Stantec helping Vermont Tech build new fire training facility

first_imgStantec helping Vermont Tech build new fire training facilityNORTH SPRINGFIELD VT (July 22, 2008) TSX:STN; NYSE:SXCLocal engineering firm Stantec is helping Vermont Technical College build new training equipment for its Fire Science degree program.Engineers from the company’s North Springfield and South Burlington offices are designing the site’s new access road, parking, water main and storage tank, and electrical services for the equipment, which will serve as a “live-burn” training center for firefighters in training at Vermont Tech, the Vermont Fire Academy and local community fire departments. Stantec is also managing the site’s permitting, including that related to Act 250 and stormwater management.The work is being funded primarily by a $406,000 federal grant secured earlier this year by Senator Bernie Sanders to purchase equipment; and a $240,000 state grant to erect the facility. Under conditions of the grant, Stantec and the college must complete the project by the end of 2008.”We’re really excited to be helping make such important training available to Vermont’s firefighters,” said Tom Nesbitt, a senior associate at Stantec. “The project’s very tight timeframe is a challenge, but our team is ready and able to put in all the hours we need to complete the work safely, efficiently, and within the deadline.”In 1997, Stantec also provided structural and civil engineering services for a similar facility in Concord, New Hampshire.Started in 2007, Vermont Tech’s Fire Science program prepares students for careers in fire protection, including professional firefighters, emergency medical technicians, and dispatchers. Students take courses in hazardous materials chemistry, fire prevention, and occupational safety and health.Stantec provides professional design and consulting services in planning, engineering, architecture, surveying, economics, and project management. We support public and private sector clients in a diverse range of markets in the infrastructure and facilities sector at every stage, from initial concept and financial feasibility to project completion and beyond. Our services are offered through approximately 9,000 employees operating out of more than 125 locations in North America. Stantec trades on the TSX under the symbol STN and on the NYSE under the symbol SXC.last_img read more

Daily use of aspirin does not reduce occurrence of major cardiovascular events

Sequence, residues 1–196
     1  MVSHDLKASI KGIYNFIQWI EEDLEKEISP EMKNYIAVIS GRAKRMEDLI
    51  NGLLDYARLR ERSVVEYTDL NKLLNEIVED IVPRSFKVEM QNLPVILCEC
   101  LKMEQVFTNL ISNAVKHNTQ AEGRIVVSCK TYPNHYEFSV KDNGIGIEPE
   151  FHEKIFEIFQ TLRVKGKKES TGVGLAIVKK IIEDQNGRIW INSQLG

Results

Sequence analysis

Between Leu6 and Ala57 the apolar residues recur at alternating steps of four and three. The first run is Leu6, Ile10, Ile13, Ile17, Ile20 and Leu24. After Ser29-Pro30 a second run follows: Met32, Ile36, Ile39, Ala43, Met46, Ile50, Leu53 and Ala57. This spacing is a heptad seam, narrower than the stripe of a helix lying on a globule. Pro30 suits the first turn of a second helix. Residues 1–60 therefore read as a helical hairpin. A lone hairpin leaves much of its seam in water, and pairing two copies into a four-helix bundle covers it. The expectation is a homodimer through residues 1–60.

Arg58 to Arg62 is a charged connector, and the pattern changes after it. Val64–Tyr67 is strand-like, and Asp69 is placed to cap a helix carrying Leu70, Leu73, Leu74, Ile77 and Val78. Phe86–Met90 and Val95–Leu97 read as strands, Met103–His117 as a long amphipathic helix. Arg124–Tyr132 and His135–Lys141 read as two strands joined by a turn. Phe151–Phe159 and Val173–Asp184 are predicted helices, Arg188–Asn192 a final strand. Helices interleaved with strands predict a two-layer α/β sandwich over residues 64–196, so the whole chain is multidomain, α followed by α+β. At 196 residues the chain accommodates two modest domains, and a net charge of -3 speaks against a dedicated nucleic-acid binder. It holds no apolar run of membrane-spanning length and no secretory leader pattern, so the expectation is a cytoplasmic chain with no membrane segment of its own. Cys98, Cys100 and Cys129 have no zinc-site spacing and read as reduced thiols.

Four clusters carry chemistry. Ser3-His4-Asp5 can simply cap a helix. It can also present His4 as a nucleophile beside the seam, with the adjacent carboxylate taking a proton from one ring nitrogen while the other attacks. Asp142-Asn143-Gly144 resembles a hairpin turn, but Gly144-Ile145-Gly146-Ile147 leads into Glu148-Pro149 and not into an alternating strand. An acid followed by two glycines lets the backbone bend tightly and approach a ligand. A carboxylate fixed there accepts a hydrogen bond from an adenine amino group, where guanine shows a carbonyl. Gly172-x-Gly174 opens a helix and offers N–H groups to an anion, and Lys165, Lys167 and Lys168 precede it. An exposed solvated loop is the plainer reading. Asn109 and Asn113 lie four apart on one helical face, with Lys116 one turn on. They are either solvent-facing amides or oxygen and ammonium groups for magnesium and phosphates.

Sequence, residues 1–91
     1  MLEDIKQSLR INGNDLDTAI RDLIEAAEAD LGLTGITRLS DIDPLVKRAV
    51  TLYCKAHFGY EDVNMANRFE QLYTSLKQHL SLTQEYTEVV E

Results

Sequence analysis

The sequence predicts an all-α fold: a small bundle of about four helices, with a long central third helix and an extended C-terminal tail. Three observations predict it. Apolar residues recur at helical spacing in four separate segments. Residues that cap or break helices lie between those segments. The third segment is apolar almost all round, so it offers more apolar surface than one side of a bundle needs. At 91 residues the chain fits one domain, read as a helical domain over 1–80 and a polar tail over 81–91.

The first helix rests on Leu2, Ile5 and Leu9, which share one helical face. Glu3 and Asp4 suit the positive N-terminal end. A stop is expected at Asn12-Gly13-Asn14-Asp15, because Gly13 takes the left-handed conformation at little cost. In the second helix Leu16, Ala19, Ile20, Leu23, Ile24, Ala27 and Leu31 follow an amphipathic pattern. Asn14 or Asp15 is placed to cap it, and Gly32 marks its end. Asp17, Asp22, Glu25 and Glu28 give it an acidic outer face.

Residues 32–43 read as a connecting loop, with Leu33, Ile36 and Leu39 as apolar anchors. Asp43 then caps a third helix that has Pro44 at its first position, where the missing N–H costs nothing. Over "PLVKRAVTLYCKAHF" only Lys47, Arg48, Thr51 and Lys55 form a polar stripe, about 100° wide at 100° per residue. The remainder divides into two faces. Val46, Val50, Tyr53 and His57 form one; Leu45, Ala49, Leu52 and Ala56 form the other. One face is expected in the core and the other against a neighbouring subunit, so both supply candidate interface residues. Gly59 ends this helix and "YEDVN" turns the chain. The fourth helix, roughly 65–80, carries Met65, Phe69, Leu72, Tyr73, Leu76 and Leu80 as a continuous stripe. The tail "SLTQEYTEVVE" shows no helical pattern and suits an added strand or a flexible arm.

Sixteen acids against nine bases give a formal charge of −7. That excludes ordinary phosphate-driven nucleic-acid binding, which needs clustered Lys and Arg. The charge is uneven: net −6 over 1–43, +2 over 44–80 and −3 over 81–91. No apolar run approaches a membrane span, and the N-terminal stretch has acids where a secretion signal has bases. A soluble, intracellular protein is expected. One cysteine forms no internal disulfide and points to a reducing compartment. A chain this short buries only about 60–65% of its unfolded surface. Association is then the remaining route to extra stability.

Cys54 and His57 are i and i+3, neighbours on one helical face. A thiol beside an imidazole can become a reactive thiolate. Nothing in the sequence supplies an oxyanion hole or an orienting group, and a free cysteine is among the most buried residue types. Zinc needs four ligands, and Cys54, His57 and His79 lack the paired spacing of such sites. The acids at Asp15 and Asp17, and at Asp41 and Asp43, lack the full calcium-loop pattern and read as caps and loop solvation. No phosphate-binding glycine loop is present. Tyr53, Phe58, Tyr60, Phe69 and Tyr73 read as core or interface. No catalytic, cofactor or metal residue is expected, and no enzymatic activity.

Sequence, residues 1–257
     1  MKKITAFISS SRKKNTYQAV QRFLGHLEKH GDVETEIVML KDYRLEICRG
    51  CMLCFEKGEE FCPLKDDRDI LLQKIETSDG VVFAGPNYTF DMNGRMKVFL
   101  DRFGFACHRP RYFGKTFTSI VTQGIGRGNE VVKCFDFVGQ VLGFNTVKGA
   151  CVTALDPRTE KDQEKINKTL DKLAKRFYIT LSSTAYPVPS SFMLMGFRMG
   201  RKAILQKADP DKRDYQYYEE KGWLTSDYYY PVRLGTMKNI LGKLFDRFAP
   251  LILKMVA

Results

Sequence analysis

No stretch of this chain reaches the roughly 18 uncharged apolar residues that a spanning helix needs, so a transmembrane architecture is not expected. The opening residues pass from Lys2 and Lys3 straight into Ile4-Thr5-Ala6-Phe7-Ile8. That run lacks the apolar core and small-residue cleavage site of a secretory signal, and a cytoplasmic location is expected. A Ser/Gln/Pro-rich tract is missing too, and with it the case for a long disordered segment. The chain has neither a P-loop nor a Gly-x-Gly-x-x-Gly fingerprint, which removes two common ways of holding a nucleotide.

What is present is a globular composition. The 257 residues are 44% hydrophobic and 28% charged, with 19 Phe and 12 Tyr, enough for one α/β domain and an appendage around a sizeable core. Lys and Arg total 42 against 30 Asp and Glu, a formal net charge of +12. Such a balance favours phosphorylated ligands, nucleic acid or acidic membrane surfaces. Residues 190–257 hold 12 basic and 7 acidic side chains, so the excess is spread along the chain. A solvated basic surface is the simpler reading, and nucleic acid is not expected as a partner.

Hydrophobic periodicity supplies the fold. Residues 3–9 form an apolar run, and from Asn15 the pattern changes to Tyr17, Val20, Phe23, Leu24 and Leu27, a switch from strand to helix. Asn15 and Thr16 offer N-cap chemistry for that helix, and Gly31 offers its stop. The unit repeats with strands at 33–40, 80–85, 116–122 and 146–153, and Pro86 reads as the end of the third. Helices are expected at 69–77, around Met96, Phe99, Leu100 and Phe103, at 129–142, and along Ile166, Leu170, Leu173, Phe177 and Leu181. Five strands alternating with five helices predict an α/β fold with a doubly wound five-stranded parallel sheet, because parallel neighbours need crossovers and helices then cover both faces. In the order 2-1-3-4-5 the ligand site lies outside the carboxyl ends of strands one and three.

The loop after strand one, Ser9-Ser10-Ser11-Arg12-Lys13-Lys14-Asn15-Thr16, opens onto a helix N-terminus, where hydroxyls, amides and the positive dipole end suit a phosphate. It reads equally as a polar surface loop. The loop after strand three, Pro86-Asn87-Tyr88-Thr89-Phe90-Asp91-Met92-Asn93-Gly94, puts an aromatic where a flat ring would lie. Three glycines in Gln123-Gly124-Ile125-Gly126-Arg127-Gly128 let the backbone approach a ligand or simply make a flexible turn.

first_imgReviewed by James Ives, M.Psych. (Editor)Aug 28 2018The role of aspirin in preventing a first heart attack or stroke among people at moderate risk of heart disease remains unclear. At the 2018 European Society of Cardiology meeting, J. Michael Gaziano, MD, a preventive cardiologist at Brigham and Women’s Hospital, presented findings from ARRIVE, a randomized, controlled clinical trial of the use of daily aspirin to prevent a first cardiovascular event among more than 12,500 participants considered to be at moderate cardiovascular risk. The team’s findings are detailed in a paper published simultaneously in The Lancet.”Aspirin did not reduce the occurrence of major cardiovascular events in this study,” said Gaziano. “However, there were fewer events than expected, suggesting that this was in fact a low-risk population. This may have been because some participants were taking medications to lower blood pressure and lipids, which protected them from disease. The decision on whether to use aspirin for protection against cardiovascular disease should be made in consultation with a doctor, considering all the potential risks and benefits.”The benefits of taking aspirin to prevent a second or subsequent heart attack or stroke have been well established in previous studies but the effectiveness of taking aspirin to prevent a first cardiovascular event has been unclear, despite 30 years of randomized clinical trials. The Aspirin to Reduce Risk of Initial Vascular Events (ARRIVE) study, sponsored by Bayer, sought to assess both the potential benefits as well as the risks to people at moderate risk of cardiovascular disease who may already be receiving some protection from modern preventative and therapeutic strategies.Participants were randomly assigned to receive either daily aspirin tablets (100 mg) or a placebo. A total of 12,546 participants were enrolled from primary care settings in the UK, Poland, Germany, Italy, Ireland, Spain, and the U.S. The primary endpoint was time to first occurrence of a composite of cardiovascular death, heart attack, unstable angina, stroke, and transient ischemic attack.Related StoriesResearchers report promising results of potential reversal agentStudy indicates the benefits of stopping aspirin in heart attack patientsAspirin could be used to treat patients with severe tuberculosis infectionThe rate of such cardiovascular events did not statistically differ between the aspirin group and the placebo group. During the study, 269 patients (4.29 percent) in the aspirin group and 281 patients (4.48 percent) in the placebo group experienced such cardiovascular events.Overall, these rates were lower than expected. The authors conclude that this may be reflective of contemporary risk-management strategies, such as the use of statins.Given that aspirin is known to increase patients’ risk of gastrointestinal bleeding, ARRIVE excluded patients at high risk of bleeding. It also excluded patients with diabetes. Gastrointestinal bleeding events (mostly mild) occurred in 61 patients in the aspirin group versus 29 in the placebo group. The overall incidence rate of adverse events was similar in both treatment groups.”The use of aspirin remains a decision that should involve a thoughtful discussion between a clinician and a patient, given the need to weigh cardiovascular and possible cancer prevention benefits against the bleeding risks, patient preferences, cost, and other factors,” the authors conclude.The authors’ declaration of interests and the roles of the Executive Committee and of the sponsor can be found in The Lancet. The sponsor was responsible for the conduct of the trial. The independent Executive Committee, of which Gaziano was a member, was responsible for the study protocol, oversight of the study, writing of the report, and the decision to publish the results. All members of the Executive Committee received personal fees from Bayer during the conduct of the study. Source: read more